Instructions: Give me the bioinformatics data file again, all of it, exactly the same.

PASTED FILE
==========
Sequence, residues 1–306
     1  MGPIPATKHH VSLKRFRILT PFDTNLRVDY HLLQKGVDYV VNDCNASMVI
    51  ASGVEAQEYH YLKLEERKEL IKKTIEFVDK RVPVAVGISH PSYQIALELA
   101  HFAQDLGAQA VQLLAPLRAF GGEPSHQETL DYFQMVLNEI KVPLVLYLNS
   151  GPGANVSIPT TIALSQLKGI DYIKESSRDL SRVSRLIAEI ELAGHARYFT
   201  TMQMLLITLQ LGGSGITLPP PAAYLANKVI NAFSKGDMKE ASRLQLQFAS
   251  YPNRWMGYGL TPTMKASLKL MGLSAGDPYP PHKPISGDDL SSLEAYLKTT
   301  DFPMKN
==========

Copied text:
Sequence, residues 1–306
     1  MGPIPATKHH VSLKRFRILT PFDTNLRVDY HLLQKGVDYV VNDCNASMVI
    51  ASGVEAQEYH YLKLEERKEL IKKTIEFVDK RVPVAVGISH PSYQIALELA
   101  HFAQDLGAQA VQLLAPLRAF GGEPSHQETL DYFQMVLNEI KVPLVLYLNS
   151  GPGANVSIPT TIALSQLKGI DYIKESSRDL SRVSRLIAEI ELAGHARYFT
   201  TMQMLLITLQ LGGSGITLPP PAAYLANKVI NAFSKGDMKE ASRLQLQFAS
   251  YPNRWMGYGL TPTMKASLKL MGLSAGDPYP PHKPISGDDL SSLEAYLKTT
   301  DFPMKN